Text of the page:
Will Pfizer Try Again for AstraZeneca?

Source: Getty Images

Source: Getty Images

There is a misconception among investors that Pfizer (NYSE:PFE) was only trying to acquire AstraZeneca (NYSE:AZN) to gain access to a country with a corporate tax rate of 21 percent, far lower than the 35 percent rate in the U.S. While this rate was a huge role in attracting Pfizer, it alone did not validate the $117 billion that Pfizer was willing to pay. Therefore, as you dig deeper, it’s clear that Pfizer lost more than just a tax rate.

Pfizer belongs to a group of pharmaceutical companies known as “big pharma,” a group that has suffered in recent years due to patent expirations. Specifically, Pfizer’s stock is still lower by more than 15 percent over the last decade, as the loss of the cholesterol drug Lipitor has been irreplaceable for the company.

If losing Lipitor, among other drugs, weren’t bad enough, Pfizer faces patent expirations on countless other blockbuster products.

Drug U.S. Patent Expiration U.S. Sales Europe Patent Expiration Worldwide Sales
Lyrica 2018 $1.9 billion 2014 $4.59 billion
Celebrex 2015 $1.9 billion 2014 $2.9 billion
Zyvox 2015 $688 million 2016 $1.35 billion

Moreover, the drug Viagra, which earned worldwide sales of $1.8 billion last year will lose exclusivity in 2017 to Teva Pharmaceuticals, due to a previously announced agreement. Therefore, Pfizer not only desired a lower tax rate, but needed revenue and profits as well.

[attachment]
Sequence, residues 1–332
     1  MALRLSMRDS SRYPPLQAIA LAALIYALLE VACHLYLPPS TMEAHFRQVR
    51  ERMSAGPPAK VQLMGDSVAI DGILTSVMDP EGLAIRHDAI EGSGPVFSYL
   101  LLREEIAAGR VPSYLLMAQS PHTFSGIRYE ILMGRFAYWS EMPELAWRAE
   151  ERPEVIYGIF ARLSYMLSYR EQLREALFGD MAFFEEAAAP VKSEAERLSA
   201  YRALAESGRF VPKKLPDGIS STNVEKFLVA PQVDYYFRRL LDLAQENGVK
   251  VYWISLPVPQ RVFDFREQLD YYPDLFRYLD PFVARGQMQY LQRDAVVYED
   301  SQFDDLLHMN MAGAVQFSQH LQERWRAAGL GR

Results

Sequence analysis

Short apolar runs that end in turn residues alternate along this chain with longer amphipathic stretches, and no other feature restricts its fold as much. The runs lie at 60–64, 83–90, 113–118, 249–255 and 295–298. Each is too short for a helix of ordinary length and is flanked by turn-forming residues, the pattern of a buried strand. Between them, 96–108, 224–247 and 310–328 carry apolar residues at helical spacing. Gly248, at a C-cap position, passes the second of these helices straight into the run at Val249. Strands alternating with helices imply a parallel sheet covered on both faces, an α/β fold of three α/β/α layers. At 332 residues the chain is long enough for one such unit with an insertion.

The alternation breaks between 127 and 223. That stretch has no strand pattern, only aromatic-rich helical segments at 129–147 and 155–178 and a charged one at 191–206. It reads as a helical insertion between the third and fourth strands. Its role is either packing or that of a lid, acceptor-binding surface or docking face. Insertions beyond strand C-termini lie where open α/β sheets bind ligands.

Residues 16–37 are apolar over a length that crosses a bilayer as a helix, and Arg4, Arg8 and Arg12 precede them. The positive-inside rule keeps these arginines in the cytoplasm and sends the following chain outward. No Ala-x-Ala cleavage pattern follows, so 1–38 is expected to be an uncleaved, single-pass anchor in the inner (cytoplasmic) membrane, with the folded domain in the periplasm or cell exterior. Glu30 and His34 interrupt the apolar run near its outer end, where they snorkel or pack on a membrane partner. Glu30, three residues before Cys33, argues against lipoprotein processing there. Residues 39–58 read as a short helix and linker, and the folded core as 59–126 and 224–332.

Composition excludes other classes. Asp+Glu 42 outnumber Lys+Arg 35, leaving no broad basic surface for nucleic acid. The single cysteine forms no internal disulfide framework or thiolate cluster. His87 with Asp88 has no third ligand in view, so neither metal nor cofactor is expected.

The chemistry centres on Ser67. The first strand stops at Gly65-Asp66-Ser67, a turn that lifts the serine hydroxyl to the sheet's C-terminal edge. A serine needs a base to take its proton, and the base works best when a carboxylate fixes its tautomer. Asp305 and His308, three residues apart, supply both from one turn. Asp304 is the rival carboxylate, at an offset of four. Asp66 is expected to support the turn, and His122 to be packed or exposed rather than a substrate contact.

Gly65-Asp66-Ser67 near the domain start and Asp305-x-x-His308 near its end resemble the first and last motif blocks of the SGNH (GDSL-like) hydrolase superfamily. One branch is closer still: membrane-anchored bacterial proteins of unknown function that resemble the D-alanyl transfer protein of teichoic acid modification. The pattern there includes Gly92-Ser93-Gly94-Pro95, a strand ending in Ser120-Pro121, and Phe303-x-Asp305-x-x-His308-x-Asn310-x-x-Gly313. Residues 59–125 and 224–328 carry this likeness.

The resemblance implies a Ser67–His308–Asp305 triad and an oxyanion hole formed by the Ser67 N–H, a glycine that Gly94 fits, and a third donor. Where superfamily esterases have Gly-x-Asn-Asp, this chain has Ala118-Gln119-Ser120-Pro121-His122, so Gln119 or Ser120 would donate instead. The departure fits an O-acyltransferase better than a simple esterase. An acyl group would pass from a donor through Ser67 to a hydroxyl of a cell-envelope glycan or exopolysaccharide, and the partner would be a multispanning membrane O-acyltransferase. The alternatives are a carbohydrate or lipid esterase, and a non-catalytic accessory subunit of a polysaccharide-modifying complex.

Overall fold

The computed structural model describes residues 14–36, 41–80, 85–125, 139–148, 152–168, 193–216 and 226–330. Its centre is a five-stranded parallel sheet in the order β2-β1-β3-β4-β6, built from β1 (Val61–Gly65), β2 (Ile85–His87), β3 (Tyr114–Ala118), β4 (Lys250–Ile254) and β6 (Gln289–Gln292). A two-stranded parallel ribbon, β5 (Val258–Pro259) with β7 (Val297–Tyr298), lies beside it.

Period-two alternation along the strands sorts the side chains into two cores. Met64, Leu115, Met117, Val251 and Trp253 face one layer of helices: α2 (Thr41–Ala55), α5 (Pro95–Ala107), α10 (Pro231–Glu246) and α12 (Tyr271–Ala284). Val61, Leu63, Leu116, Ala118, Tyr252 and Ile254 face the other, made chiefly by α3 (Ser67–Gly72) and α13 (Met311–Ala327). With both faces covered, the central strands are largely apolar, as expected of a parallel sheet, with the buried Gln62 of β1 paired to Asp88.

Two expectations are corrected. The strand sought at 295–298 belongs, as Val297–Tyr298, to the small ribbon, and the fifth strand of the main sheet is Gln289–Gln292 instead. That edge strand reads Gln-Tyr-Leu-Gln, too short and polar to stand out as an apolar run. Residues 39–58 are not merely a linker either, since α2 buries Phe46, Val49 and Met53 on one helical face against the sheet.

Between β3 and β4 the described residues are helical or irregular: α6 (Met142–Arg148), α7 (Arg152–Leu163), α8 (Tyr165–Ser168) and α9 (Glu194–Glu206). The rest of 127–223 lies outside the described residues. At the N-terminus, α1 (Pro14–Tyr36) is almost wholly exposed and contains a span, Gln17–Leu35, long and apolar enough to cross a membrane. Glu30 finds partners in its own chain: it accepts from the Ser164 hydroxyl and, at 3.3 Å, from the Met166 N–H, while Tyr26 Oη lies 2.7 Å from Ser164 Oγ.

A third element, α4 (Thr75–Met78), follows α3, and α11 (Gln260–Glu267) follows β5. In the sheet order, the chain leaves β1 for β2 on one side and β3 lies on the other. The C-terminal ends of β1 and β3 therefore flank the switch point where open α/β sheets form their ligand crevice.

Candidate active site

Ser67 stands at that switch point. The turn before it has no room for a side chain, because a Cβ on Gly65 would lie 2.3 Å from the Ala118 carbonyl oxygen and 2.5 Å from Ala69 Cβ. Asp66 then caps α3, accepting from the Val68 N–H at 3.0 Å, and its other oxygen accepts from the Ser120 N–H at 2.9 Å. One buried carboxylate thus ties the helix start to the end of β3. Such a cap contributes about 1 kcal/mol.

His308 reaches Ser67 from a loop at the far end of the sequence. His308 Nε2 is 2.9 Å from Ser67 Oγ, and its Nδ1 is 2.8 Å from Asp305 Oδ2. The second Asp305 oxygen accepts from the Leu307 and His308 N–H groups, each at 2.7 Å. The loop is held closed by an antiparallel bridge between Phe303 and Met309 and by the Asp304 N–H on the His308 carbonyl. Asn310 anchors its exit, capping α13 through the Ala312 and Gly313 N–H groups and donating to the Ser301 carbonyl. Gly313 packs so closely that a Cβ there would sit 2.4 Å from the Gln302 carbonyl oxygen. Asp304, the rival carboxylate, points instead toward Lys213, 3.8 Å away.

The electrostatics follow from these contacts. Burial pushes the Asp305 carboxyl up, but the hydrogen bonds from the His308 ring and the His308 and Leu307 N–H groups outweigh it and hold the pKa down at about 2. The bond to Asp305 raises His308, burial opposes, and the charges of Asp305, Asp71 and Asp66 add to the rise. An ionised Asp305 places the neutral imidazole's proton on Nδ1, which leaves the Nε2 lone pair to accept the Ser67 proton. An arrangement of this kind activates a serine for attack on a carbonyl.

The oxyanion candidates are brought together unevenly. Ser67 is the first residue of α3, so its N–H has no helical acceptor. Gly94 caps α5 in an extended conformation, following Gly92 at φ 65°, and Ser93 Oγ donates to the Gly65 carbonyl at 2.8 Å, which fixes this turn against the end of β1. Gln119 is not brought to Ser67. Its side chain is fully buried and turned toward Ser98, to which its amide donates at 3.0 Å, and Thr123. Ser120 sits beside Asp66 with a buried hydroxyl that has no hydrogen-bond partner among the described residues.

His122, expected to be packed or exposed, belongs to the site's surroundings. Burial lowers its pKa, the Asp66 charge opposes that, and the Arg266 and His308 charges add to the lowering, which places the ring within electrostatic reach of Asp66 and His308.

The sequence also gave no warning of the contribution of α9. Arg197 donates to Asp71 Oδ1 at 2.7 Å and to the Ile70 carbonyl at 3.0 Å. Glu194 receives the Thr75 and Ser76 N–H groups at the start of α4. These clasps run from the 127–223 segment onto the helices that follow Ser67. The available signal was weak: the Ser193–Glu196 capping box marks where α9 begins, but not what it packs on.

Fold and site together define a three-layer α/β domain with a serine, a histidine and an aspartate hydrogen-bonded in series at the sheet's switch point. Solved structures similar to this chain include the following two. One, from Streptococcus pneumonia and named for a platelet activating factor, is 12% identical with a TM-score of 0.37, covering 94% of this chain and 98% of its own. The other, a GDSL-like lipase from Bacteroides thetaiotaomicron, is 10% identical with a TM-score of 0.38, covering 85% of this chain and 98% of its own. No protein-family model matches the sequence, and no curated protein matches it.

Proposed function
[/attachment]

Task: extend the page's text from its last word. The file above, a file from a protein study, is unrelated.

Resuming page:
AstraZeneca has Crestor and Nexium, which have annual revenue of $5.6 and $3.8 billion, respectively. It also has the blockbusters Symbicort and Seroquel, then beyond those products is a pipeline full of dreams.

The company has five different PARP inhibitor trials, which have been proven effective in treating cancer, in treating ovarian, breast, and gastric cancers. The ovarian trial has already been filed with the FDA while other programs are expected in 2016.

Then AstraZeneca has three late-stage MEK inhibitors – remember these inhibitors are highly successful both alone and in combination – to treat non-small-cell lung cancer, thyroid cancer, and melanoma. The company has other late-stage candidates in oncology, including Caprelsa, which recently launched to treat medullary thyroid cancer.

Finally, aside from Phase 3 and recently approved oncology products, AstraZeneca has a leading class of drugs for cardiovascular and metabolism disorders. This includes two recently launched drugs, one FDA approved, and another that just filed with the FDA that combined could create billions and drive top-line revenue for AstraZeneca.

The bottom line is that Pfizer, a company with continued patent woes, could have not only lowered its tax rate substantially, but also acquire a deep late-stage pipeline and newly launched products along with several blockbuster drugs. Clearly, Pfizer lost more than a tax rate, and it’s for this reason that you shouldn’t be surprised to see Pfizer’s “final offer” for AstraZeneca be just the start of its attempted acquisition. Because when the dust settles, and you look at what Pfizer has at the core of its business, it deeply needs AstraZeneca.

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